January 11, 2017


I’ve been in the conservation and climate change business for over 20 years and have been a strong advocate for action and leadership. However, when it comes to the oil & gas industry, I know things get complicated given the following two things are true:

  1. We need to transition to a low-carbon economy to stave off the worst effects of climate change and to protect our planet (and our economy) for future generations.
  2. Energy demand is increasing and will continue to ramp up until the end of the century. The world’s population is heading toward 10 billion people and emerging economies like China and India have significant energy demands. Alternatives to fossil fuels, such as renewables, can’t meet the entirety of that growing demand (yet).

These two trends shine a spotlight on Canada’s oil & gas industry and the role they play in our national dilemma and opportunity around climate action. Canada is keen to regain credibility in the international arena, with ambitious plans that include a price on carbon, an accelerated coal phase-out, a commitment to green public service operations, and a clean fuel standard.

However, we are all keenly aware that the development, production, refining and in particular burning of fossil fuels are responsible for a significant percentage of global greenhouse gas emissions, which are causing climate change.

Complicating the matter even further is Canada’s economic reliance on our energy sector. In fact, when the tragic wildfires hit Fort McMurray in May 2016, our economy contracted by 0.6%. A slowdown in manufacturing was another reason for the decline, but nevertheless this was the worst monthly GDP figure since March 2009.

So the question is, how does Canada square this circle?

The Canadian Quandary: Is the Oil & Gas Sector a Zero-Sum Game?

Talking about the future of the energy industry in Canada can often result in a polarized debate. Some call for the oil sands to be shut down altogether. Others support maintaining the status quo. A third more pragmatic view is that the transition away from fossil fuels as they are developed and used today is inevitable, but is going to take time. The question is: How much time? As long as we have a supply issue, the proponents of the third viewpoint suggest that Canada’s products are the cleaner (and socially responsible) alternative to shale oil or to products coming out of other countries, such as Venezuela and Russia.

Not surprisingly, this conversation is top of mind for industry. From all the discussions I’m having with people around the country, it’s clear they’re ready to talk seriously about the issues. What do they want to talk about?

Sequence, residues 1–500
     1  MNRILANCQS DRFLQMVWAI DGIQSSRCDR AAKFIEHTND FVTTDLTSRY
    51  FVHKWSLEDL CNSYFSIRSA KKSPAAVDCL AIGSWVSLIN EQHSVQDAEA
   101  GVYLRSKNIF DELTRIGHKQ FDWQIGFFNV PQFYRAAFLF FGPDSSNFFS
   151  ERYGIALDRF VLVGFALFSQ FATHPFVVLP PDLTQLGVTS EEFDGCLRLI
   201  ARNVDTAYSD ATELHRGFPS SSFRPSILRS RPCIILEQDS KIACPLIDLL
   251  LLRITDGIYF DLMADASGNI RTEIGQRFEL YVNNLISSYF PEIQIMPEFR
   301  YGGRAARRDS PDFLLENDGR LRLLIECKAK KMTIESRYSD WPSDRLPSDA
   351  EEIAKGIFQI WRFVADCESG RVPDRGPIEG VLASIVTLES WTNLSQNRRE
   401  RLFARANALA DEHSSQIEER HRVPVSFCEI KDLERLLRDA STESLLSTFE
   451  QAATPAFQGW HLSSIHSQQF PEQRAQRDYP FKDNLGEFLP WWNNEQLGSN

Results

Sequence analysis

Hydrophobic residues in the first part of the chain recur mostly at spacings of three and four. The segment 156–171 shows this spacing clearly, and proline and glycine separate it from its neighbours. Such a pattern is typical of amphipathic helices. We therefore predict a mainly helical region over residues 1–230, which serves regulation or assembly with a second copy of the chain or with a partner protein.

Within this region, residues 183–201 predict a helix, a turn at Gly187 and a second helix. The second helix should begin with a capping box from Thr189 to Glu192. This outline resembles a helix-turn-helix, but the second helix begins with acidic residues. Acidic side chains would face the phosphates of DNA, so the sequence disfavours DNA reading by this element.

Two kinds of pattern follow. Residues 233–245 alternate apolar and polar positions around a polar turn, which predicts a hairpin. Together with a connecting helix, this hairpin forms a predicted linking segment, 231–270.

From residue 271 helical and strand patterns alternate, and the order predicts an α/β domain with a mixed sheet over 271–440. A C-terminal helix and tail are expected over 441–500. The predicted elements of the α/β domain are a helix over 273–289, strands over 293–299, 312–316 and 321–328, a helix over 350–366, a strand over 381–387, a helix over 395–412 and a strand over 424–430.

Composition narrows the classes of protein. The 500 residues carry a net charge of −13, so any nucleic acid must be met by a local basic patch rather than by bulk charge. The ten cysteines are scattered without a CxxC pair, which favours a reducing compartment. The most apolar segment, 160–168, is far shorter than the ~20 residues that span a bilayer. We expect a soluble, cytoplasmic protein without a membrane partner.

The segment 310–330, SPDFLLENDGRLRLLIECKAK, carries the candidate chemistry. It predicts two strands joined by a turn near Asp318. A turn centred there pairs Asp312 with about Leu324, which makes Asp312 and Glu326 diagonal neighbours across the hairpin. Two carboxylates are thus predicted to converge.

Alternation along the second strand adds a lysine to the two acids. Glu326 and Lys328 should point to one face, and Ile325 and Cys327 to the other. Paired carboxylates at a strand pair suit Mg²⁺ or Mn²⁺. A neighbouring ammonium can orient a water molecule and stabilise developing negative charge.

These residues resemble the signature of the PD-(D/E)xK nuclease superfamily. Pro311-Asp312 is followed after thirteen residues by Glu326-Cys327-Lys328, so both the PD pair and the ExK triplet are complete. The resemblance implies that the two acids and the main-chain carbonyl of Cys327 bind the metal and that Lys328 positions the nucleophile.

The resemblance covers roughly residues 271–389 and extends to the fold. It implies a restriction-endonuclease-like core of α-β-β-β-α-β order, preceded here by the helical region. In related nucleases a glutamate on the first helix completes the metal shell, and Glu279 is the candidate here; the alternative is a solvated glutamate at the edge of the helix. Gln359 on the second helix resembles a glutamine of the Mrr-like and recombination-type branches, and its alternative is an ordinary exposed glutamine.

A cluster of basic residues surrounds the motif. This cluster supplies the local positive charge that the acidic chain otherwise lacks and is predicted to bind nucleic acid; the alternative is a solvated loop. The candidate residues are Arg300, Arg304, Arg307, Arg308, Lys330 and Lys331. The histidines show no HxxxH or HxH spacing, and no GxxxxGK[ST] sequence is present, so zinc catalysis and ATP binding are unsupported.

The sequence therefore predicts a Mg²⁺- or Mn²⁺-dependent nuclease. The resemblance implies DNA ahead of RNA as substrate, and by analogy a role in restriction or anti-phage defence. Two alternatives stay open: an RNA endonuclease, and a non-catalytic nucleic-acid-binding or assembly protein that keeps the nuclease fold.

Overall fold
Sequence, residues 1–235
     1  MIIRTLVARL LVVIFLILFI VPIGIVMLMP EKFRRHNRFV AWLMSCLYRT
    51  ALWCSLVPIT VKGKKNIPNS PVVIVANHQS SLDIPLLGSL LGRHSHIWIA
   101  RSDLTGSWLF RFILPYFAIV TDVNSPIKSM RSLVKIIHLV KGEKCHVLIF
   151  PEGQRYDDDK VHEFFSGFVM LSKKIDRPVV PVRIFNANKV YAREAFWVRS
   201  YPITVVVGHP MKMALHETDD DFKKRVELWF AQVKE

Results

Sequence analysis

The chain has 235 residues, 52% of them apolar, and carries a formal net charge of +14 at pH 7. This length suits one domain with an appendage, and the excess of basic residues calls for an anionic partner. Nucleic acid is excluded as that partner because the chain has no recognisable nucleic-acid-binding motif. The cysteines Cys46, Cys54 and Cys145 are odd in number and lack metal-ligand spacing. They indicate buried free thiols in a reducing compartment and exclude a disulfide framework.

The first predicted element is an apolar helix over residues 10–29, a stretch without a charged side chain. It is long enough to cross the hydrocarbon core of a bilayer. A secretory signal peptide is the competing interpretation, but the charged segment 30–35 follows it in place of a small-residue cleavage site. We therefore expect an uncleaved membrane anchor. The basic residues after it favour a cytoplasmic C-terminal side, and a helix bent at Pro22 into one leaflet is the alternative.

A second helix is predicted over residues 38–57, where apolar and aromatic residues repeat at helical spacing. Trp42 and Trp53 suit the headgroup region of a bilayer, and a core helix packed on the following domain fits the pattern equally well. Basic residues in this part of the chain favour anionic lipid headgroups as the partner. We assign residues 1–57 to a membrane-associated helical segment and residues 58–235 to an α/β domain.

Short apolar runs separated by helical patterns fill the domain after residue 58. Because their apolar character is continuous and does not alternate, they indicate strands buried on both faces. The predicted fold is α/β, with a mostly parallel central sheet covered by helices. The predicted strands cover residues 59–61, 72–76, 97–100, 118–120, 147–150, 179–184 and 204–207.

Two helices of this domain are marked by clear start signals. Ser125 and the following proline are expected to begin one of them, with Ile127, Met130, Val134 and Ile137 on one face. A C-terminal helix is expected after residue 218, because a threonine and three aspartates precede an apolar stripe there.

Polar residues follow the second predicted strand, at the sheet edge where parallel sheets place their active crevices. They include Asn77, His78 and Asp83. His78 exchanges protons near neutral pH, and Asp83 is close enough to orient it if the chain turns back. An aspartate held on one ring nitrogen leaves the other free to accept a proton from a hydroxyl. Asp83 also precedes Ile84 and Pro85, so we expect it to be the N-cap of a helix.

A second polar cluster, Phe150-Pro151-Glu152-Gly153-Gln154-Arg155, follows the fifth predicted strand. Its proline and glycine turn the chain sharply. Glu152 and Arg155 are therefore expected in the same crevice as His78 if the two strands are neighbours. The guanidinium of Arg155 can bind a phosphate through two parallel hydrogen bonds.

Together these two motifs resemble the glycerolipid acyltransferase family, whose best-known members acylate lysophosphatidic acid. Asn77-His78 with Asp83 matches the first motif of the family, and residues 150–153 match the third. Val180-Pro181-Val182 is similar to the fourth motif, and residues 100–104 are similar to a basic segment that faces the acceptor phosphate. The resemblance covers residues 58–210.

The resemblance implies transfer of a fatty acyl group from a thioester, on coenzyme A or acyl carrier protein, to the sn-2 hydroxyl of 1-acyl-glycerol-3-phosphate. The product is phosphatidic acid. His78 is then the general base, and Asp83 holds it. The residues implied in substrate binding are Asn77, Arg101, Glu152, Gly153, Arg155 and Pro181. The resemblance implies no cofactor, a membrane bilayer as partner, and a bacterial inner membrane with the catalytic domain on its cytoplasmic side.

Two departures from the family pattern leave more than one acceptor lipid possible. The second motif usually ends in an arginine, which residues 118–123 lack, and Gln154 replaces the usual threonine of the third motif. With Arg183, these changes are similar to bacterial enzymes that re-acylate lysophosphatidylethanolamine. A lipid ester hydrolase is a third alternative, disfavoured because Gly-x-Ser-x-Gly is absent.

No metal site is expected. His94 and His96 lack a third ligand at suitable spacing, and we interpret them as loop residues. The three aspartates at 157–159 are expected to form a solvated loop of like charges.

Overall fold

• To what extent is Canada going to work with the energy sector (and, to be frank, all sectors) to transition to a lower-carbon model?
  • How will investment be mobilized to incentivize innovation and support the development of advanced technologies that can help reduce GHGs in the industry?
  • What are we doing to make our product the most carbon- and cost-competitive in the next 10 to 15 years?
  • What kind of mechanisms, programs and systems are needed to accelerate the low-carbon transition?
  • How can we increase the speed at which we integrate productivity-boosting technologies and best practices within Canadian oil and gas companies’ operations and organizations?
  • Can Canada capitalize internationally on being an expert in decarbonizing the upstream oil and gas sector?
  • Can Canada be a leader in developing technologies that eliminate carbon emissions from the combustion of fossil fuels? If so, what role can our energy sector play?

We Can All Agree on One Thing: Climate Action is a Must

The climate change debate is over: we need to accelerate the transition to a low-carbon future across the entire economy.  Our oil & gas sector not only has to be part of this conversation, but it is a critical part of the way forward for Canada. The good news is three-fold: our most fearless energy companies are already on board; the Alberta government has a progressive position on climate change and a history of regulation; and, as global energy systems undergo a profound transformation, Canada is in an excellent position to share our innovative ideas and solutions with the world.

How can we accelerate the path to local and international commercialization for Canadian oil and gas innovation?

These questions and more will be explored at the “Industry Roadmap: The Future of Oil & Gas 2017” event in Calgary on January 17th. Delphi is a supporting partner of the event, which is being hosted by TheFutureEconomy.ca and Milestone GRP and showcases many of the issues and opportunities that are top-of-mind for Delphi and our clients.

Partners and friends of The Delphi Group are eligible for a $50 discount off the regular ticket price (use discount code “Delphi”). Delphi Director, Dr. Carol-Ann Brown, will be attending the event and moderating the wrap-up session so make sure to say hello. Post-event, Delphi will produce a thorough recommendation report highlighting the event’s key insights, opinions, conclusions and recommended action points for industry and the federal and provincial governments. Register here.

We will also be exploring these themes in an ongoing blog series on the Canadian energy sector.  In the series, we’ll explore the issues and opportunities from a number of perspectives, incorporating diverse views from some of Canada’s leading experts.

Mike Gerbis, CEO (mgerbis@delphi.ca)